Met up with Alan Rambam, Fleishman-Hillard’s youth and mobile marketing guru yesterday. We learnt about what was being done in the US and other countries such as location-based messages, SMS, MMS, Twitter and too many others to mention.
My main thoughts are that what’s successful in the US cannot be transplanted wholesale in other countries, and vice-versa. This we all agreed on. The next question is which CAN be adapted successfully and this has to be a case-by-case basis considering the country and the organisation involved.
Also, Asians are more shy than Westerners and are less likely to come forward if they have a disease or condition that has been stigmatised in their culture. So marketing strategies involving user-generated content or at the very least, personal testimonials, have to be tactful and respectful of privacy.
I was pleased to hear about Twitter being used, but it would be better if we had a local number for Twitter. Where regular use is asked of us, cost will be a concern. Unless of course we again depend on the wireless internet.
Another point we all agreed on was that in Singapore, a lot still depended on our own mobile phone packages. I am on GPRS and my bill shot up after getting the iPhone because I was checking mail etc in places without wi-fi. No way am I going to download some MP3 or video file on my handset.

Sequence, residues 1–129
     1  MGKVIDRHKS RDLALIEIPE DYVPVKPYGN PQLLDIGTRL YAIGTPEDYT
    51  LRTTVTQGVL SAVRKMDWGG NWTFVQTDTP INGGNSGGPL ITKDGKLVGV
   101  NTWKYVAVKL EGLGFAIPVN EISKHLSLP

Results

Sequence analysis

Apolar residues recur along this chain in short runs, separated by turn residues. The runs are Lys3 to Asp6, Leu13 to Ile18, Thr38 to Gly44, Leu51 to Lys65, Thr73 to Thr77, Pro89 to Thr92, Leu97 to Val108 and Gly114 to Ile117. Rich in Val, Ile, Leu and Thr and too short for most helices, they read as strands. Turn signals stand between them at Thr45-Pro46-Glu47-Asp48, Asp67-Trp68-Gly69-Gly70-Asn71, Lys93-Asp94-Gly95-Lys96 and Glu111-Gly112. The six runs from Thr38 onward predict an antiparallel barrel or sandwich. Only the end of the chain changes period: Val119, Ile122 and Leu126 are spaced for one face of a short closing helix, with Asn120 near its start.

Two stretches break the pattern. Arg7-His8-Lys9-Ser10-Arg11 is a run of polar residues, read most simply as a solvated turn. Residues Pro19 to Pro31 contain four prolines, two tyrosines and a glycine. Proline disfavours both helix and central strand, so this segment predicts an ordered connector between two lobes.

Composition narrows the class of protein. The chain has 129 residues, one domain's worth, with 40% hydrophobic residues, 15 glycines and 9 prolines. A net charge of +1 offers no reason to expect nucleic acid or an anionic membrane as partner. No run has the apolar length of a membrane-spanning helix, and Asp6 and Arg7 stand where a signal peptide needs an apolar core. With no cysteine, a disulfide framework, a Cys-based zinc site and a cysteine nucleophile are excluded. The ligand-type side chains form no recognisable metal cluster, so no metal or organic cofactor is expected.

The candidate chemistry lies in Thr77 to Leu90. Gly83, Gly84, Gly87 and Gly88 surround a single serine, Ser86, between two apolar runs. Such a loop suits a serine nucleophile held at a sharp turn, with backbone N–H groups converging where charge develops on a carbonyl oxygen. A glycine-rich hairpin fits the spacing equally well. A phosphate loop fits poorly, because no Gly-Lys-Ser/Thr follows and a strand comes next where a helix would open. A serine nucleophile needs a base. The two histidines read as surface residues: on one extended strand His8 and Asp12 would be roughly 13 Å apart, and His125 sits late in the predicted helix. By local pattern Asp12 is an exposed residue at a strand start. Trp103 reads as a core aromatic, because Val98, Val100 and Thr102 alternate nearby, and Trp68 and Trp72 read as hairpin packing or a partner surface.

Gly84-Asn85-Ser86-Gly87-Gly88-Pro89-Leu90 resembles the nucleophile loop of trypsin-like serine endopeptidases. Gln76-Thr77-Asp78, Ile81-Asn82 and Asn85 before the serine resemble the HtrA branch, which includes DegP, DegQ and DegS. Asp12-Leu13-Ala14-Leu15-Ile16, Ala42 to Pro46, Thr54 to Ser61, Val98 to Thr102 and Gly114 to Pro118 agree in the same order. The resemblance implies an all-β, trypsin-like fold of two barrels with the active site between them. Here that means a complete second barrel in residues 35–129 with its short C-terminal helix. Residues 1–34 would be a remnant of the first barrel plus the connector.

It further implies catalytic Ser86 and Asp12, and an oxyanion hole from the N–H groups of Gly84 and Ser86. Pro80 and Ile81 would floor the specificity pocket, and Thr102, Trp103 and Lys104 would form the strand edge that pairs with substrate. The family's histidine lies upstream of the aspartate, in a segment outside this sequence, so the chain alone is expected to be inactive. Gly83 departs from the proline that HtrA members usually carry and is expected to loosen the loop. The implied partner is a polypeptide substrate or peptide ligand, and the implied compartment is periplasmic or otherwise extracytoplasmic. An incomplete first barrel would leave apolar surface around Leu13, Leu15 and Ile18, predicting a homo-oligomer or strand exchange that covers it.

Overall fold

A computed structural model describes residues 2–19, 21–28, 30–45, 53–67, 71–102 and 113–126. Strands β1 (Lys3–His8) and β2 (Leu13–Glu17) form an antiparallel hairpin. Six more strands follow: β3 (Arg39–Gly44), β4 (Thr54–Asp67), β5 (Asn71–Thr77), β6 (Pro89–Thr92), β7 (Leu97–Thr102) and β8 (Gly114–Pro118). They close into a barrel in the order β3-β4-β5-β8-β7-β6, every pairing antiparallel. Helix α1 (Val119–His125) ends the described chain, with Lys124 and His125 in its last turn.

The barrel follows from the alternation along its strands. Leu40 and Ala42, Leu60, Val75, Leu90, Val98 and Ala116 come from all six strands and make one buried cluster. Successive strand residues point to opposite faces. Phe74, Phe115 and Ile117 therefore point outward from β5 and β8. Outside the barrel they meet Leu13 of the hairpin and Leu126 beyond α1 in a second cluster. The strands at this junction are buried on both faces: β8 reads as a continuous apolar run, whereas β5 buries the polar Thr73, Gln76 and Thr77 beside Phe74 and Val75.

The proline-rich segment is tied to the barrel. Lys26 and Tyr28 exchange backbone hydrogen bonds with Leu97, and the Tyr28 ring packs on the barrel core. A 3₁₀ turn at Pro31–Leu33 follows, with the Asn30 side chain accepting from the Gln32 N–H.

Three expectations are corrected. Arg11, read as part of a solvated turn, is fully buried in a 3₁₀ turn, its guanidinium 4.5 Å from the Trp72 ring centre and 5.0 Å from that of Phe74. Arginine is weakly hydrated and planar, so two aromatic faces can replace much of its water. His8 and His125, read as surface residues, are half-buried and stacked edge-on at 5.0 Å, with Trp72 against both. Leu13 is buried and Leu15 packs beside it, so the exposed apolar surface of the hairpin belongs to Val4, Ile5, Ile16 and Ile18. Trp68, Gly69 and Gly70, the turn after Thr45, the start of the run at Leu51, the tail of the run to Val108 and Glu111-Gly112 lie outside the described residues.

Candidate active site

I was amused to see WAP sites being presented. WAP feels so passé in developed Asian regions. Even if some of us don’t have 3G, more likely we’d use Wireless@SG and a phone browser to view web pages.
As for apps designed for handsets, I feel we have to cater for too many different platforms, whereas for the Web we just need to comply with Web Standards. Browser detection can help to adapt our web pages for mobile devices, so there is no need to design a separate site in many cases. But of course many of our local vendors don’t know or care about this, and charge clients extra because it’s seen as doing two websites.
I also feel that while Singaporeans can own more than 1 mobile phone each, and many have 3G connectivity, not many of us fully utilise this. There was a news report on this last year, if I recall correctly. Most of us still use it for SMS and calls instead of video conferencing or downloads. We thus need a behaviour change. Alan’s example was getting the American public to vote for their favourite Idol contestant via text. 40% did so for the very first time.
I am also interested to see how things may change once the iPhone officially comes to Singapore. We should actually start designing Apps for the iPhone already, using Apple’s SDK. But my suggestion a few months ago was pooh-poohed because of the belief that it would take a while to catch up with other handsets. I am not too sure about that and will try again via other channels.